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SACRAMENTO, Calif. (AP) — The Latest on action at the California Legislature (all times local):
A California bill that would have levied taxes on medical marijuana growers appears dead.
The Senate Appropriations Committee did not approve AB2243 ahead of a deadline on Thursday.
Experts estimated that the bill by Democratic Assemblyman Jim Wood of Healdsburg would have raised at least $71 million annually for local police and environmental cleanup.
Wood says he's not sure what happened since the bill previously had unanimous bipartisan support. He says he doesn't know what got in the way of good policy.
Wood's district includes prime land for growing marijuana. He says the money is needed to mitigate environmental damage from illegal pot grows.
Taxes on marijuana flowers would have ranged from $4.75 to $13.25 per ounce depending on the grower's license.
Some marijuana activists opposed the taxes as unreasonably high.
A bill to strengthen rape kit reporting requirements for police departments has failed to advance in the California Senate.
The measure would have required local departments to report the number of rape kits they collect to the state Department of Justice and give a reason for each that goes untested.
The Senate Appropriations Committee held AB1848 on Thursday, after it previously passed the Assembly unanimously.
Democratic Assemblyman David Chiu of San Francisco had said the bill would give a better idea of the statewide backlog of kits and why they haven't been tested. Data would be made public in an annual summary.
Previous bills attempting to force police to test kits more quickly died when police testified they didn't have enough resources to test them all.
A proposal to make California law treat the drug fentanyl like heroin or cocaine has died amid an increasing number of fatal overdoses linked to the powerful opiate, including that of musician Prince.
SB1323 would have enhanced sentences for people convicted of selling or trafficking fentanyl based on the amount of the drug involved.
Under the system currently used for heroin and cocaine, one kilogram tacks on three years to a sentence while 80 kilograms or more adds 25 years.
A fiscal panel declined to act on the bill Thursday, effectively killing it.
Bill author Sen. Patricia Bates attributed the bill's demise to Democratic Gov. Jerry Brown's focus on reducing California's prison population. The Laguna Niguel Republican says Brown's initiative has made it difficult to address weaknesses in criminal law.
Lawmakers on a legislative fiscal panel are advancing California's latest proposal to combat climate change, though the measure has a rocky path to Democratic Gov. Jerry Brown's desk.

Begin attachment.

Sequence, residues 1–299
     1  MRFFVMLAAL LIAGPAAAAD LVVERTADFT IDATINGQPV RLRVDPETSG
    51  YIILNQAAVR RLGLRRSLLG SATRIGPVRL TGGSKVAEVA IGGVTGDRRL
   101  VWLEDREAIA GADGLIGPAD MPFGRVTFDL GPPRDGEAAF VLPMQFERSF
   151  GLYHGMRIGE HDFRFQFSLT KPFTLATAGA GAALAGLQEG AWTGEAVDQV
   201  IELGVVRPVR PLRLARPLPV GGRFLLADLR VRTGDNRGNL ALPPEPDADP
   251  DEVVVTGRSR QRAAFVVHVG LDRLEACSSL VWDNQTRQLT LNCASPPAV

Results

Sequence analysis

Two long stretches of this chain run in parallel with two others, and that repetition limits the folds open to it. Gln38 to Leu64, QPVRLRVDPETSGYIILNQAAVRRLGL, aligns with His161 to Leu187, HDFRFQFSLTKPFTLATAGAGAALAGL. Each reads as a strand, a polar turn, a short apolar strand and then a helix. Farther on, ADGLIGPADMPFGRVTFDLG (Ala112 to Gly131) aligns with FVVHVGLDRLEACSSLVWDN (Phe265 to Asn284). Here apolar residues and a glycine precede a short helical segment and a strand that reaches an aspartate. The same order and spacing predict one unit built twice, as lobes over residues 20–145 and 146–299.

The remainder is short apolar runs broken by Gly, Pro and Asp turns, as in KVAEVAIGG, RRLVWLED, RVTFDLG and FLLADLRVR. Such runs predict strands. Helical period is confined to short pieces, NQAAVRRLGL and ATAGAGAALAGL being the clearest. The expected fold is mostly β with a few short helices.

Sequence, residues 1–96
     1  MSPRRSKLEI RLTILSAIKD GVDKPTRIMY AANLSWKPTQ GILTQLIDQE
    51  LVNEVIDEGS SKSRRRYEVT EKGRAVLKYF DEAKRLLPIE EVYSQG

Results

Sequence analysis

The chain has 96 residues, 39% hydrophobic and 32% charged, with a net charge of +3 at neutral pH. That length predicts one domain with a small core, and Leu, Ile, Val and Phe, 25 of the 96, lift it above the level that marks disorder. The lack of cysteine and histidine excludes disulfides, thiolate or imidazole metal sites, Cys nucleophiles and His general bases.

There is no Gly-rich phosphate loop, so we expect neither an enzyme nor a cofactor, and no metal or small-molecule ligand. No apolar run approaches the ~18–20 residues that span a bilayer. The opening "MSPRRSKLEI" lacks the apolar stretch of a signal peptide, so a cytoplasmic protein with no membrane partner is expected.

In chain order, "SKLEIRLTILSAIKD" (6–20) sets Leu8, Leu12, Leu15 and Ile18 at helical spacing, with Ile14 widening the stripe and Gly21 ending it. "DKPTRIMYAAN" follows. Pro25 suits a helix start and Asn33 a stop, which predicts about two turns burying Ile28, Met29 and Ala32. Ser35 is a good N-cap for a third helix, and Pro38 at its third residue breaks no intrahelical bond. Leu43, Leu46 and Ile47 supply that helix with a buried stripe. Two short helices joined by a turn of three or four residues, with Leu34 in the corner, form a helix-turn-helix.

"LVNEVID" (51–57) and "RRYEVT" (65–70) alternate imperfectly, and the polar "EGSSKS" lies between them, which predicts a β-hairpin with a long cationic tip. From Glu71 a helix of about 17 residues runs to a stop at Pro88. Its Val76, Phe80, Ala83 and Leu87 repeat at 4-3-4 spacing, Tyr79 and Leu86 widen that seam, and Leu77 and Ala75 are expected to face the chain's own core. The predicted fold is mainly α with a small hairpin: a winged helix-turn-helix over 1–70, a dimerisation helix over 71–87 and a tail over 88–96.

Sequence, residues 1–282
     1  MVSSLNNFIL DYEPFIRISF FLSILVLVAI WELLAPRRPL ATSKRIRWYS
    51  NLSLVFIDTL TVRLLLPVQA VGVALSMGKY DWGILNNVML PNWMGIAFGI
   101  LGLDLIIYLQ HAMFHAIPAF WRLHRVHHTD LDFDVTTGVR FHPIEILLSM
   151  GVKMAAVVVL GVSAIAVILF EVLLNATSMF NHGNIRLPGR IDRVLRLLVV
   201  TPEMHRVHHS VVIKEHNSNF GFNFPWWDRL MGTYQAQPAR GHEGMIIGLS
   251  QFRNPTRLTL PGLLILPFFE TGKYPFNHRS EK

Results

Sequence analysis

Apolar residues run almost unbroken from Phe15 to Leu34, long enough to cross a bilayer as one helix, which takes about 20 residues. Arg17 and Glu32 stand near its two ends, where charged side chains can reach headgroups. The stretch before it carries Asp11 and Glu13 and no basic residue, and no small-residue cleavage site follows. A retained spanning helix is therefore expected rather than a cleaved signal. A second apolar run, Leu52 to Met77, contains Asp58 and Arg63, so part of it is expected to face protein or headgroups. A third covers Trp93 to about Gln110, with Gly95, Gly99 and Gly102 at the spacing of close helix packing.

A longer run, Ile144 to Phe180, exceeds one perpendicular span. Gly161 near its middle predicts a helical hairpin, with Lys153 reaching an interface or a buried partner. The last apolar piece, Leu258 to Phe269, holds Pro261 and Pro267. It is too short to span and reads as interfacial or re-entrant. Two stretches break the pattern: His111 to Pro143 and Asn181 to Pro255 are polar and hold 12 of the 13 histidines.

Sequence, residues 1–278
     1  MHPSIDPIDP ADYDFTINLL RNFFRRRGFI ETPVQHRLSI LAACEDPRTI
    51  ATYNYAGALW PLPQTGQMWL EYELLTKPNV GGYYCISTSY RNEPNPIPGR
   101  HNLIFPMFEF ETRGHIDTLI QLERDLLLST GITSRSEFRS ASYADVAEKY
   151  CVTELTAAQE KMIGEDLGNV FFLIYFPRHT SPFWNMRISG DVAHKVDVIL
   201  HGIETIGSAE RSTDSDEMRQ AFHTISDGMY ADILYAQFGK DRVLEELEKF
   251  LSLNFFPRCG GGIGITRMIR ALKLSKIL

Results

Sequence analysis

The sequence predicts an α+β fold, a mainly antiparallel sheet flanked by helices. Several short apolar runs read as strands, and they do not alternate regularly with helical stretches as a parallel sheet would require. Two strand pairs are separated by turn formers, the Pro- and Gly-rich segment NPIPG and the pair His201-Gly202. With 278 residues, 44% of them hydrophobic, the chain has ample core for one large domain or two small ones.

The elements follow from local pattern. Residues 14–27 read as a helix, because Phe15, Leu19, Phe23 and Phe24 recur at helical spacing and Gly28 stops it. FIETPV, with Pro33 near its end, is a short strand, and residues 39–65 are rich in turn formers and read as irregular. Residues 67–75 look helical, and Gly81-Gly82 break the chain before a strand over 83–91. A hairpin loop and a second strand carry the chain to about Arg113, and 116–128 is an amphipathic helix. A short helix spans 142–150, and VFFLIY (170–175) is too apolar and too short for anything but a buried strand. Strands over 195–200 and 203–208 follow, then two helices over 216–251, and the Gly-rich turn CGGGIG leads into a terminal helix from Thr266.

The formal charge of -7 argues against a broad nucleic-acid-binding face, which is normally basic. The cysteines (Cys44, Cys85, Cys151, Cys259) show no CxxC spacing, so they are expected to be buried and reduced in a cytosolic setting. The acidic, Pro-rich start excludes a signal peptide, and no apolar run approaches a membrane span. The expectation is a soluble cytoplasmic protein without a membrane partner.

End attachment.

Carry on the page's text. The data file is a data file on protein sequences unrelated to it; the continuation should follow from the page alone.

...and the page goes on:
In 2006, California set a goal to reduce greenhouse-gas emissions to 1990 levels by 2020.
Brown and environmental advocates are seeking to extend the life of that law and take the ambitious effort further.
The bill passed Thursday would set reduce greenhouse-gas emissions 40 percent below 1990 levels by 2030.
SB32 now advances to the full Assembly, where moderate Democrats who blocked similar legislation last year are expected to push back against it.
California's Legislature has passed a measure targeting elephant handlers who use tools that inflict pain to train or control the animals.
Under the bill, individuals, zoos, circuses or other organizations caught using bullhooks, baseball bats, pitchforks or other harmful devices would be subject to fines up to $10,000. They could also lose their elephant permit.
The Senate approved SB1062 Thursday 26-10, sending it to the governor.
Democratic Gov. Jerry Brown vetoed a bill last year that would have criminalized the use of such tools. Rhode Island became the first state to ban use of bullhooks last month.
Animal welfare groups say the tools are inhumane. Some bill opponents say the tools can facilitate veterinary care and research when used properly.
If Brown approves it, the measure would take effect in 2018.
California lawmakers are reviving legislation to give family leave to workers at small businesses.
Federal law requires businesses with 50 or more employees to give workers up to 12 weeks unpaid leave per year to care for a new child or other family member.
The California proposal would expand that to companies with 10 to 49 employees. Those employees could get at least 60 percent of wages for up to six weeks.
The legislation is a priority of the California Legislative Women's Caucus. It was shot down in June by a committee led by Democratic Assemblyman Roger Hernandez of West Covina.
Hernandez was booted from committees last month amid allegations he physically abused his ex-wife.
Democratic leaders revived the bill Thursday. The Assembly voted 44-24 to introduce SB654.
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